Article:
A man described by prosecutors as the head of a Mexican drug trafficking ring pleaded guilty in a Charlotte federal court Monday to a pair of heroin-related charges.
Carlos Ramon Castro-Rocha, 40, produced and distributed “vast quantities” of heroin in the United States between 2005 and 2008, according to federal prosecutors.
At the time of his arrest four years ago, a federal official told the Associated Press that Castro-Rocha worked for two cartels in Mexico and shepherded $2 million worth of heroin into the United States monthly.
The guilty plea was the latest step in a five-year effort by the federal government to put Castro-Rocha behind bars. It started in 2009, when a federal grand jury in Charlotte indicted him on drug trafficking charges.
Digital Access for only $0.99
For the most comprehensive local coverage, subscribe today.
The indictment was sealed until Mexican authorities arrested Castro-Rocha on May 30, 2010. Officials said Castro-Rocha’s operation was based in the western Mexican state of Sinaloa, across the Gulf of California from Baja California.
Prosecutors said Castro-Rocha tried unsuccessfully several times in Mexico to fight extradition, but his final appeal was rejected by a Mexican court in October 2012. He was sent to the United States later that month, prosecutors said.
He also faces drug trafficking and other charges in Arizona, according to federal prosecutors.
Court documents detail major drug trafficking in the Charlotte area. Prosecutors said police in Charlotte seized about 6 pounds of black tar heroin in September 2007 and another 1.2 pounds of heroin in August 2008. They said those drugs were part of Castro-Rocha’s network.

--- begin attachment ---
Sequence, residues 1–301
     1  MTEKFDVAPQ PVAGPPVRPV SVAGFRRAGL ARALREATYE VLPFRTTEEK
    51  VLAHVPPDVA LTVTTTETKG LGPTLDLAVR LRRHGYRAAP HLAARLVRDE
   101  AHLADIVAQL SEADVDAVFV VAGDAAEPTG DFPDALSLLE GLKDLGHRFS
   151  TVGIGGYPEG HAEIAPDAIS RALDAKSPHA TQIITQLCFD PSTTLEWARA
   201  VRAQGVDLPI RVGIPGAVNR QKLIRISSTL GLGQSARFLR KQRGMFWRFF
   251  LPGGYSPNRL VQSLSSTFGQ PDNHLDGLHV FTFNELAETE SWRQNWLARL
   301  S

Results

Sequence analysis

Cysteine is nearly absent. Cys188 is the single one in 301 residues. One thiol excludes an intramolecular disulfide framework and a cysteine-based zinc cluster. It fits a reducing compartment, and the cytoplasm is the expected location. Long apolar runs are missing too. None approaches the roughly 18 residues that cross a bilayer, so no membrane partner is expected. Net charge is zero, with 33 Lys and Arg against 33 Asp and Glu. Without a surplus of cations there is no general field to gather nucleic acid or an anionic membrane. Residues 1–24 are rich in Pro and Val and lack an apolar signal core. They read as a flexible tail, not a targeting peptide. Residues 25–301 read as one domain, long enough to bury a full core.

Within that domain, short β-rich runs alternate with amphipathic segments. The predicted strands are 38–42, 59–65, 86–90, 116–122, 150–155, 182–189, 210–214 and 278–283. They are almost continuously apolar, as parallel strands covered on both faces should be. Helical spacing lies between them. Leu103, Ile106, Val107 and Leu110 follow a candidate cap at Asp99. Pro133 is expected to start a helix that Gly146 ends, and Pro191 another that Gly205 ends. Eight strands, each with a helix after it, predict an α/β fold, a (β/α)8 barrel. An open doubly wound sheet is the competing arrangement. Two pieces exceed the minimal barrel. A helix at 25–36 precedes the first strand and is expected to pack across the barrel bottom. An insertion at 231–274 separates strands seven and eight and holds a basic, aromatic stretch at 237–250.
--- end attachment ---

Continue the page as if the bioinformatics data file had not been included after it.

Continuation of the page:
Police allege Castro-Rocha’s network trafficked nearly 25 pounds of heroin in the Charlotte area between 2005 and 2009.
“Castro-Rocha’s guilty plea speaks of our determination to dismantle organized drug networks and take down their bosses, no matter how long it takes,” U.S. Attorney Anne Tompkins said. “As this case shows, we will take the fight abroad and overcome all hurdles.”
Charlotte-Mecklenburg police Chief Rodney Monroe added, “The outcome of this case will have a significant impact on the distribution of illegal drugs across our nation and within the city of Charlotte.”
Another 11 people allegedly involved with Castro-Rocha’s operation have been charged.
Prosecutors said Castro-Rocha faces between 10 years and life in prison, with a $10 million fine. Sentencing has not been set, but authorities said Castro-Rocha will be transferred to Arizona to face charges there after sentencing in Charlotte.